more Imua

Discussion in 'Misc. Stick Arts' started by Imua Kuntao, Apr 29, 2008.

  1. Imua Kuntao

    Imua Kuntao New Member

    Like Others Like No OthersApr 29, '08 10:20 AM
    for everyone
    It seems that some practioners like to think that the style they do is imulated or copied from theirs. There are many similarities to be sure, however the main thing I see as a major difference is the numbering systems or the abc's of the striking patterns. Drills are found in all FMA but the differences there are how they are taught. An example is the palit-palit of Sinia-Tirsia, if you have seen this you will understand what I will say next. In Imua Tamaraw I teach first a single stick method like the mentioned, only it is the same as the single stick striking pattern of the 9 Gates System. Each trainning partner will do the same strike at the other while first standing in place according to the proper range, starting with of course the number 1 strike of the pattern, then #2, ect...... when practiced this way certain counters are seen from different ranges per certain strike. After this is practiced by students for a time (many trainning sesions), they then re-learn the same drill only using also the footwork pattern as well as the striking pattern, they then see the differences from the first time and learn more of the ranges and counters. Mean time as classes are given from the start after the student has learnd the striking pattern, they learn the blocking pattern. If you guessed that the next drill is with strikes and blocks, then you are correct, first standing then using the footwork pattern. Once they use the blocking and striking together they see passing, locks, holds, and disarms. The Palit-Palit is done with double sticks, we also teach double sticks, but again using the 9 Gates system of Imua Tamaraw and like the single stick there is a logical progression. There are many more examples using other drills such as abanicko, figure 8, banda y banda, but I will leave that for the reader to try to find and or explore.
    The name of the style I teach is Imua Tamaraw Escrima Kuntao. The style has origins from the Canonigo family system of fighting from Naga, Cebu, Phillippines. The system is also related to the Imua Shang Tang Kuntao via Tai Sifu VanDergoen, and Sijo Abrescy.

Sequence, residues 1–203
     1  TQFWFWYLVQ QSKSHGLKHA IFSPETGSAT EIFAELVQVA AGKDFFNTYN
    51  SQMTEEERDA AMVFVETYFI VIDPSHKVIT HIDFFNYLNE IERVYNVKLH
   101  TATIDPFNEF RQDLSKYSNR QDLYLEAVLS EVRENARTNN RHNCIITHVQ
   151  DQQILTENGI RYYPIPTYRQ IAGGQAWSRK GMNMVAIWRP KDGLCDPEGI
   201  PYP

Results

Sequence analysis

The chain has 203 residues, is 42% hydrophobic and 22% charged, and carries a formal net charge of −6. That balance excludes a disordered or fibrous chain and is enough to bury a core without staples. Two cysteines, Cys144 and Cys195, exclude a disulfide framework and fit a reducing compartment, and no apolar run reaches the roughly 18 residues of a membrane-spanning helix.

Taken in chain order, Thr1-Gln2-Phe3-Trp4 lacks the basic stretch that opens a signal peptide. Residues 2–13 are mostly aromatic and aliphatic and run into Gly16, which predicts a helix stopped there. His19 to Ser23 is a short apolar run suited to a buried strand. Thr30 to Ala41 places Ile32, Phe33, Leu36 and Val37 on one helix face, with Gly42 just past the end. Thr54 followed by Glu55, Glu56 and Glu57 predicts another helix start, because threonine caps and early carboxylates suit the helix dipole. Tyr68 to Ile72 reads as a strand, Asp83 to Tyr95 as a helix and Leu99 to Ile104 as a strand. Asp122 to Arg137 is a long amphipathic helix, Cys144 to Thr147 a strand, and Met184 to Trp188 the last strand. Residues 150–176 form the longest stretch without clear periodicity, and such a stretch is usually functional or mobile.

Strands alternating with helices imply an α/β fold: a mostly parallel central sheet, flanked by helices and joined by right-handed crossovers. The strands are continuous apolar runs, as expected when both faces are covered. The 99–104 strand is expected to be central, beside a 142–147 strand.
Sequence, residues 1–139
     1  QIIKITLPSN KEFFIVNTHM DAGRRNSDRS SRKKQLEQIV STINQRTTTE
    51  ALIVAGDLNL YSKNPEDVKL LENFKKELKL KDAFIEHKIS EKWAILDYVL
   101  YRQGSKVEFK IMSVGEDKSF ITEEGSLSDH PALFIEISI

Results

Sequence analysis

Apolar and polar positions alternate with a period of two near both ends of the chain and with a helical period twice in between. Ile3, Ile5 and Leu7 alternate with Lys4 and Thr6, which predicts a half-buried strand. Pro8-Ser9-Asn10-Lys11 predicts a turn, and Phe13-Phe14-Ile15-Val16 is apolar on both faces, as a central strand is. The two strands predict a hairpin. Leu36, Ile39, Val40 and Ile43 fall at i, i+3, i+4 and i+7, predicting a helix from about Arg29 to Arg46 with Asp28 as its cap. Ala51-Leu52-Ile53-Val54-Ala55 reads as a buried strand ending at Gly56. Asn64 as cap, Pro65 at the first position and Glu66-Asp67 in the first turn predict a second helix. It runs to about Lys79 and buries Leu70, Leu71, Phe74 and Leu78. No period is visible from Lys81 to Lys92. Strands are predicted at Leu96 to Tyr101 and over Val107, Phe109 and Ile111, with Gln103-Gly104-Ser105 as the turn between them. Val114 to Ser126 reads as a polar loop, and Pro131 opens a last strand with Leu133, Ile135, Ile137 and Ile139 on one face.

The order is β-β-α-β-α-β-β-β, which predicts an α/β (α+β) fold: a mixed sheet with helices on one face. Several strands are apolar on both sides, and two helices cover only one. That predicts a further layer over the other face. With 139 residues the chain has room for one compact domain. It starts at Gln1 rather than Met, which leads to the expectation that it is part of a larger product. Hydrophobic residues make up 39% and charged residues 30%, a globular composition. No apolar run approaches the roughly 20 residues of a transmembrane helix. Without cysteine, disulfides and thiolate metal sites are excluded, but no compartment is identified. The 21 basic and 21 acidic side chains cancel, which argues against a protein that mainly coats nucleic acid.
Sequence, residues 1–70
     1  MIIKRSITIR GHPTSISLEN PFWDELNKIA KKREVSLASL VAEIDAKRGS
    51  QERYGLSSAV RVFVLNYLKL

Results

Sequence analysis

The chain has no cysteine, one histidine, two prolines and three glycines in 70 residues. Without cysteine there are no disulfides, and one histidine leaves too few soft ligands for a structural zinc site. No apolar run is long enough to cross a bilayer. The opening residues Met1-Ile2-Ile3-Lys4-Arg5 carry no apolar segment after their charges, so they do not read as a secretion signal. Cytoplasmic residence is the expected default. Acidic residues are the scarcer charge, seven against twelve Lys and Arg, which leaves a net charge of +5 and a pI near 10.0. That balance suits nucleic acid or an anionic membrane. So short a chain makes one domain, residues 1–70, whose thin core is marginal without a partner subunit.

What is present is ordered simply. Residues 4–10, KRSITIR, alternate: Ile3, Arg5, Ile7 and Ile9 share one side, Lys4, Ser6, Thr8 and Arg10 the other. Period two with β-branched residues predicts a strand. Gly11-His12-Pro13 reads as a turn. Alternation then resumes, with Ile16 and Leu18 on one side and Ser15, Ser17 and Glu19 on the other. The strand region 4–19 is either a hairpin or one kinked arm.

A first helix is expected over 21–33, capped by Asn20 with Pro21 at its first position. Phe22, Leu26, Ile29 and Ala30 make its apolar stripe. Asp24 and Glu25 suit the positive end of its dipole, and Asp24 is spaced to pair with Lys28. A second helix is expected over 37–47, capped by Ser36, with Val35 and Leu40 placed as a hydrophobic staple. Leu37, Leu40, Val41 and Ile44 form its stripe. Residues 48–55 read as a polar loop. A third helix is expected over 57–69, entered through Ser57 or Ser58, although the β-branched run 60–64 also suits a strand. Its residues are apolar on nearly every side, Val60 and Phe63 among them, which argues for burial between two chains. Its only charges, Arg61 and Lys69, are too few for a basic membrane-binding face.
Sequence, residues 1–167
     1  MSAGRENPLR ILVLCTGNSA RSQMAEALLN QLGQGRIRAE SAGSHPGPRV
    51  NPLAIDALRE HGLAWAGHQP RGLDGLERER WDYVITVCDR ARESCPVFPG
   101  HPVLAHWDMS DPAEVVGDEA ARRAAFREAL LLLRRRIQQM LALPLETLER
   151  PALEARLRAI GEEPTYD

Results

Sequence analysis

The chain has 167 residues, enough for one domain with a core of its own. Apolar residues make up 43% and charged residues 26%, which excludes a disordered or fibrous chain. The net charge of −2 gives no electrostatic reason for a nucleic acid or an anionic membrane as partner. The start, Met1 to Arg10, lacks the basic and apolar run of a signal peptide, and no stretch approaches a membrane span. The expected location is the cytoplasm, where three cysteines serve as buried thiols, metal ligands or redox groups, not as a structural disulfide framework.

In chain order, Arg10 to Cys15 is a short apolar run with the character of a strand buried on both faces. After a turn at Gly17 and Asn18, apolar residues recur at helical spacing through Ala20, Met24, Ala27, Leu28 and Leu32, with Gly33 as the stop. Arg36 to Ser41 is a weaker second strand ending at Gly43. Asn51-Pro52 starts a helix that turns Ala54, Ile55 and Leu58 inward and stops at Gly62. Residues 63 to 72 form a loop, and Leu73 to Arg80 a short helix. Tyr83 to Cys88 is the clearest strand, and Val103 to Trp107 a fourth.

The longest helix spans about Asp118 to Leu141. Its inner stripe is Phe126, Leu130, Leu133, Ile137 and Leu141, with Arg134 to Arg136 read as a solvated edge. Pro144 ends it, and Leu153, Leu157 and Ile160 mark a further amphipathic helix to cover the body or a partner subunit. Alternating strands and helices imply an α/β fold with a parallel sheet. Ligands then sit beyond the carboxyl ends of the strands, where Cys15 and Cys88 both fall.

2. arnisador

    arnisador Active Member

    Is a 'gate' a sector, like "high and right" or "middle left"?
     
  3. Imua Kuntao

    Imua Kuntao New Member

    Yes, there are nine, of course, in total. 1,2,3,and 4 form and "X", #1 from top righthand follows the angle to #2, and #2 goes up to #1. #3 starts from the lower righthand and goes up to #4 (top Lefthand). 5,6,7,and 8 form a "+". The blocking pattern is a diamond (like on the playing card), and a box, with the striking and blocking patterns are one on the other you get that universal pattern like Kenpo. Oh heck, I just let out one of the things Kenpo and FMAs have in common.
     
  4. Imua Kuntao

    Imua Kuntao New Member

    When a gate is left open, a strike could sneak in.
     
  5. arnisador

    arnisador Active Member

    Ah, OK, I see! It sounds like the Wing Chun system to me.
     
  6. Imua Kuntao

    Imua Kuntao New Member

    The footwork is the same nine points.
     
  7. arnisador

    arnisador Active Member

    OK, I think I get it! Our system is very different in Modern Arnis but I have studied enough Wing Chun previously to get the idea.
     
  8. Imua Kuntao

    Imua Kuntao New Member

    With the ability of the internet, I have been able to find several styles that are quite the same. One style, I find is Dekiti Tirsia Sirada, the numbering system is almost the same as well as the footwork pattern and some drills.
     

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